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Risa Puno. Photo by Talisman Brolin.

Risa Puno to Create an Escape Room for New Creative Time Commission

For the organization’s first open call for commissions, New York’s Creative Time has selected artist Risa Puno’s escape-the-room project from a pool of more than six hundred proposals. Inspired by the popular interactive, puzzle-oriented game in which a group of people agree to be “locked” in a room together and collectively solve clues in order to work their way out, Puno will draw on the activity’s format of puzzles and riddles to examine social issues, such as how privilege and inequity manifest when people participate in the game.

“I have wanted to work with Creative Time for so many years—it’s basically my crush of an arts organization,” Puno said after she was awarded the commission. “The project I proposed is a complex undertaking with sensitive material, and there’s not a better organization I could imagine partnering with to bring it to life.”

Puno is known for her interactive sculptures and installations such as Please Enable Cookies, 2014, in which the artist offered passersby homemade cookies in exchange for personally identifying information, and The Course of Emotions: A Mini-Golf Experience, 2013–14, which took the form of a fully functioning golf course with nine holes featuring different emotional obstacles like “insecurity,” where players had to putt while standing on a wobbly seesaw platform. She was chosen by a committee of six individuals: Paul Ramirez Jonas, Spencer Finch, Risa Shoup, Rashida Bumbray, Pablo Helguera, and Stephanie Ingrassia.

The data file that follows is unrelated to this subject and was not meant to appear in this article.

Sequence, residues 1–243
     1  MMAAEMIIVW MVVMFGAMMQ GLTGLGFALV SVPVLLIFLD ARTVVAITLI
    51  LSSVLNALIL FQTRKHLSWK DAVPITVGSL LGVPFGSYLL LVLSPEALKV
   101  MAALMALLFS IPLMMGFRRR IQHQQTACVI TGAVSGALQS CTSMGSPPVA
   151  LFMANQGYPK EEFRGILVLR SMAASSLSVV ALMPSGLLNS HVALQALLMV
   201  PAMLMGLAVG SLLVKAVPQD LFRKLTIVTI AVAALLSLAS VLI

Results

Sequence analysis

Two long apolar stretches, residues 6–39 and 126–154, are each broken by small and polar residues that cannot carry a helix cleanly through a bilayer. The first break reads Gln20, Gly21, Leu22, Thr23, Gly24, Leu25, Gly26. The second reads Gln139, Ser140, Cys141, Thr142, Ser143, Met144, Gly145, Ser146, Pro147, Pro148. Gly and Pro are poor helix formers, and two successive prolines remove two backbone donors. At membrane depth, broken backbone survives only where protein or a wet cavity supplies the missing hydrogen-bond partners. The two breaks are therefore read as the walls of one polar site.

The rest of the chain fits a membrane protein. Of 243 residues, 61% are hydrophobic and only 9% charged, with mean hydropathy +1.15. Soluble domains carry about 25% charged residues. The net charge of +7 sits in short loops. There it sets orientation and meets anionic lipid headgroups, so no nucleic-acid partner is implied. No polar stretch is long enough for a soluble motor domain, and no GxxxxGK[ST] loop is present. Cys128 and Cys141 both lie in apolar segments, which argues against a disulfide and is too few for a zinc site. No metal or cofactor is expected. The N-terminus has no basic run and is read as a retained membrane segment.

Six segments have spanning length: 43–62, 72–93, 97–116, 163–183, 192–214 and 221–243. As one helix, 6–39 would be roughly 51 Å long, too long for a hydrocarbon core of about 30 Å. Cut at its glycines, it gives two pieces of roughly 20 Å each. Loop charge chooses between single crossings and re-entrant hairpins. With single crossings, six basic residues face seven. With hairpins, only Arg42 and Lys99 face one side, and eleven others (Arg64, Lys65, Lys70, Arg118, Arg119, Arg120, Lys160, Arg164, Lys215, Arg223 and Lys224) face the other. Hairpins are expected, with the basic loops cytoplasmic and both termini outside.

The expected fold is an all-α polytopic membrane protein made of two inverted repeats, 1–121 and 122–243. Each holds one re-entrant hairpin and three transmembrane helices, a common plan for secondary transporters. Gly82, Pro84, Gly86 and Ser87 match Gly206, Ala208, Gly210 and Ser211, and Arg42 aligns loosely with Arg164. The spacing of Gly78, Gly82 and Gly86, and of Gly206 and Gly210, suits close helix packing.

Commenting on the decision to issue an open call, Creative Time’s executive director Justine Ludwig said: “In surveying the landscape of contemporary public art it became clear that many of the same artists are repeatedly receiving major commissions. We wanted to disrupt that narrative by opening up the opportunity to work with Creative Time to the next generation of greats working in the field.”

She added: “Risa shares Creative Time’s mission in presenting art that sparks dialogue and addresses the timely topic of social dynamics. Just as we feel the public is important in making art accessible, we believe that institutions such as Creative Time can play a major part in supporting emerging artists.”

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